From the Editor - Tools, Tips and Tech for Your Next Project
Wouldn't things be different if you were in charge? Whether you want to archive your favorite TV shows on DVD, add an extra security check for device drivers without leaking information to marketing people or simply port Linux to your new 64-processor server, you'd do things better if you ran the place.
I've got news for you. You do run the place. You're the CEO of a multinational technology empire that has a cooperative research and development program with governments, companies and universities around the world, even your friend's hot new startup.
If you don't believe me, look at the COPYING and LICENSE files already on your hard drive. Whether you're working for yourself, starting a company or even toiling at a big company, you are free to partake in and build on the greatest information technology research effort ever. And unlike big slow “shared source” deals, you don't need to call a lawyer to plug in and start building.
There's no better proof of that than Christian A. Herzog's article on page 30. Want a personal video recorder that will let you make a backup? As long as the major electronics vendors design their products for cable company lawyers, you'll make the TV viewers in your family happier than the vendors ever will.
While you're watching TV, your hard drives are silently, or maybe not so silently, spinning themselves to death. With Bruce Allen's article on page 74, you can get an early warning and replace a drive on your schedule, not in the middle of the night when it fails on its own.
In this special kernel issue, you'll learn that cache isn't merely a processor spec to brag about. It's a complex resource you can either use well or “blow the cache” and go as slow as main memory. Find out how Linux uses cache in James Bottomley's article on page 58.
There's plenty of other kernel innovation in this issue too. Check out Greg Kroah-Hartman's implementation of cryptographically signed kernel modules on page 48. And Paul E. McKenney is back, this time with Dipankar Sarma and Maneesh Soni, to explain a big performance win for SMP servers on page 38.
Lisa Corsetti wanted a way to check whether the Ethernet cable is plugged in. The answer opened the door to the mysteries of ioctls, and it's all explained on page 54.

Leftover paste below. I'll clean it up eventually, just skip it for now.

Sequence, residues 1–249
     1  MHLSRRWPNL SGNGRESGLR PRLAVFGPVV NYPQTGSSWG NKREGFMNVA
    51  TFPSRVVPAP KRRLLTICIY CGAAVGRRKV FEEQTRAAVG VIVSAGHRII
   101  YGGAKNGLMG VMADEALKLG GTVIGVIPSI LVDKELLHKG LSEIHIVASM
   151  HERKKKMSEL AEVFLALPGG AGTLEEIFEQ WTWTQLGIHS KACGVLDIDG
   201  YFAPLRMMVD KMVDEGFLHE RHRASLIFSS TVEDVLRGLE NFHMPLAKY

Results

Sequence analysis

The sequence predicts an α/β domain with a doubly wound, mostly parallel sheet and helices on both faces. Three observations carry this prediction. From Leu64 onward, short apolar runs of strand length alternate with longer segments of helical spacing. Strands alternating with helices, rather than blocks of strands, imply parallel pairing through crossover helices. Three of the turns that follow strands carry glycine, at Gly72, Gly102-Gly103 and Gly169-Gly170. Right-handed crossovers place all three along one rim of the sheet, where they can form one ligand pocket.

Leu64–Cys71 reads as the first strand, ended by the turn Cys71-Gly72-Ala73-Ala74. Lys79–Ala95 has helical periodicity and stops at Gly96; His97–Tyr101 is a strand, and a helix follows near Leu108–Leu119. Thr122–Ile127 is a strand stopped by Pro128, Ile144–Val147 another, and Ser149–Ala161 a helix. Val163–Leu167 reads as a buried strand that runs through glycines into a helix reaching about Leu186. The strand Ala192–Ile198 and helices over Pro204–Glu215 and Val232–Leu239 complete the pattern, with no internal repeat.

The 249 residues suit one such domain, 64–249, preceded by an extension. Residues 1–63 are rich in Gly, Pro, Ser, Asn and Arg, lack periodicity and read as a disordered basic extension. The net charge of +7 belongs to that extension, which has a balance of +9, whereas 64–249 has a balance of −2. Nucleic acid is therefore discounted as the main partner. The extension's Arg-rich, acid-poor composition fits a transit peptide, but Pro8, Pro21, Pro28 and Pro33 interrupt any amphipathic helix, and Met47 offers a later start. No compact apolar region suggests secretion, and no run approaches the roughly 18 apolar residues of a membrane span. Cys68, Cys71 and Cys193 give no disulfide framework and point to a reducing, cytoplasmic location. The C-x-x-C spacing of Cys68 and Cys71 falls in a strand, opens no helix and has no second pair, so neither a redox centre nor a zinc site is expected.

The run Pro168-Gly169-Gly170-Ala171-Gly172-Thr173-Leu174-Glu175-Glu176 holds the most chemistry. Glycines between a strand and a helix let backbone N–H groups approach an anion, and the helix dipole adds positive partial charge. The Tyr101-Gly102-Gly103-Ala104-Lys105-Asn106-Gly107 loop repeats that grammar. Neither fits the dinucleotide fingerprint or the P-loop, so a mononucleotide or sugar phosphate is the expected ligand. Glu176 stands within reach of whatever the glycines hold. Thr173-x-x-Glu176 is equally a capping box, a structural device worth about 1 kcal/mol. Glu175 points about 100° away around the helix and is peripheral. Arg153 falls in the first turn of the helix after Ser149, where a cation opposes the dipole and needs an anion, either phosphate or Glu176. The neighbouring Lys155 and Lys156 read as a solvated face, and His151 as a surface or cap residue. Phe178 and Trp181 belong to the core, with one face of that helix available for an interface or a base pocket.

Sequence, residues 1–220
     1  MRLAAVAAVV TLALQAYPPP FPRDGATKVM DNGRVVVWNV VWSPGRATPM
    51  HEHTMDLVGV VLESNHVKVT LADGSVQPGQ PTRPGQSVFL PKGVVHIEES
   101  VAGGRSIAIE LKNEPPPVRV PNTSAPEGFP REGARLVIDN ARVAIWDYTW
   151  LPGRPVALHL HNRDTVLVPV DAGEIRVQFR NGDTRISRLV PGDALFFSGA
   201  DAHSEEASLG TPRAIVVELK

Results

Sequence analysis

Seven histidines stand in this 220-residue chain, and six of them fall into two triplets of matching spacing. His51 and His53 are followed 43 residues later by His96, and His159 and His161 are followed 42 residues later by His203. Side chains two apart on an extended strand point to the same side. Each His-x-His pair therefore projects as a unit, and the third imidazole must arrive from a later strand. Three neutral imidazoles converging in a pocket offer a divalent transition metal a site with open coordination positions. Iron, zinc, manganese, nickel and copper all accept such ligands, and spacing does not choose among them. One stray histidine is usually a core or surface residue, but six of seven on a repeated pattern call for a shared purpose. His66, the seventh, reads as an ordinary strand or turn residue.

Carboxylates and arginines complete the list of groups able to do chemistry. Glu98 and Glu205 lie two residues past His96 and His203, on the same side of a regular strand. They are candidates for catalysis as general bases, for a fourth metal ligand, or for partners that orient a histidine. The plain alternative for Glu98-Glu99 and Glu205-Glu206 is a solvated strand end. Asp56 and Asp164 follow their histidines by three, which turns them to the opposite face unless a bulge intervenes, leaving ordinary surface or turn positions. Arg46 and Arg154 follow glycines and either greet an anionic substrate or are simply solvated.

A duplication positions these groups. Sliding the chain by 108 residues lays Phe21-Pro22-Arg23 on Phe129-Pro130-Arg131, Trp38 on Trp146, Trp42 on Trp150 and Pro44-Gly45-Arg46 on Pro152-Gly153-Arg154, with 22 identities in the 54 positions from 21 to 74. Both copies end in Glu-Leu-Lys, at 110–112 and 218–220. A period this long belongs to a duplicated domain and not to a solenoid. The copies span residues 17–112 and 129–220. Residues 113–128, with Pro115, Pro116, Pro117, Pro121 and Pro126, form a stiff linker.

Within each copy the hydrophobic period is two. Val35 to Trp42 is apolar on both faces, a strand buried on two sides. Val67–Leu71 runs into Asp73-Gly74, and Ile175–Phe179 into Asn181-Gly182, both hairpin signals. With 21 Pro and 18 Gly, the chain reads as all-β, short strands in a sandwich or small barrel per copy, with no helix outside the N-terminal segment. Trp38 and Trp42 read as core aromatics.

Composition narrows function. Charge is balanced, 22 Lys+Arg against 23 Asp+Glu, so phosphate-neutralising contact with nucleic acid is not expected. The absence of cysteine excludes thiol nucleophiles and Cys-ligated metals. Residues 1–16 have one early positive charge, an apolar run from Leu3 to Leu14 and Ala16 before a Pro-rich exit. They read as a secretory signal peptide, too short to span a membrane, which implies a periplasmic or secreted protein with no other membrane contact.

Every issue, Marcel Gagné explores some new area of software for Linux, and this time he's creating simulated structures from molecules to bridges. Can you build something that will stand up? Or how many links do you need to cut to make it fall? Find out on page 18.
Don Marti is editor in chief of Linux Journal.
Practical Task Scheduling Deployment
July 20, 2016 12:00 pm CDT
One of the best things about the UNIX environment (aside from being stable and efficient) is the vast array of software tools available to help you do your job. Traditionally, a UNIX tool does only one thing, but does that one thing very well. For example, grep is very easy to use and can search vast amounts of data quickly. The find tool can find a particular file or files based on all kinds of criteria. It's pretty easy to string these tools together to build even more powerful tools, such as a tool that finds all of the .log files in the /home directory and searches each one for a particular entry. This erector-set mentality allows UNIX system administrators to seem to always have the right tool for the job.
Cron traditionally has been considered another such a tool for job scheduling, but is it enough? This webinar considers that very question. The first part builds on a previous Geek Guide, Beyond Cron, and briefly describes how to know when it might be time to consider upgrading your job scheduling infrastructure. The second part presents an actual planning and implementation framework.
Join Linux Journal's Mike Diehl and Pat Cameron of Help Systems.
Free to Linux Journal readers.Register Now!
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- Managing Linux Using Puppet
- Doing for User Space What We Did for Kernel Space
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- Rogue Wave Software's Zend Server
With all the industry talk about the benefits of Linux on Power and all the performance advantages offered by its open architecture, you may be considering a move in that direction. If you are thinking about analytics, big data and cloud computing, you would be right to evaluate Power. The idea of using commodity x86 hardware and replacing it every three years is an outdated cost model. It doesn’t consider the total cost of ownership, and it doesn’t consider the advantage of real processing power, high-availability and multithreading like a demon.
This ebook takes a look at some of the practical applications of the Linux on Power platform and ways you might bring all the performance power of this open architecture to bear for your organization. There are no smoke and mirrors here—just hard, cold, empirical evidence provided by independent sources. I also consider some innovative ways Linux on Power will be used in the future.Get the Guide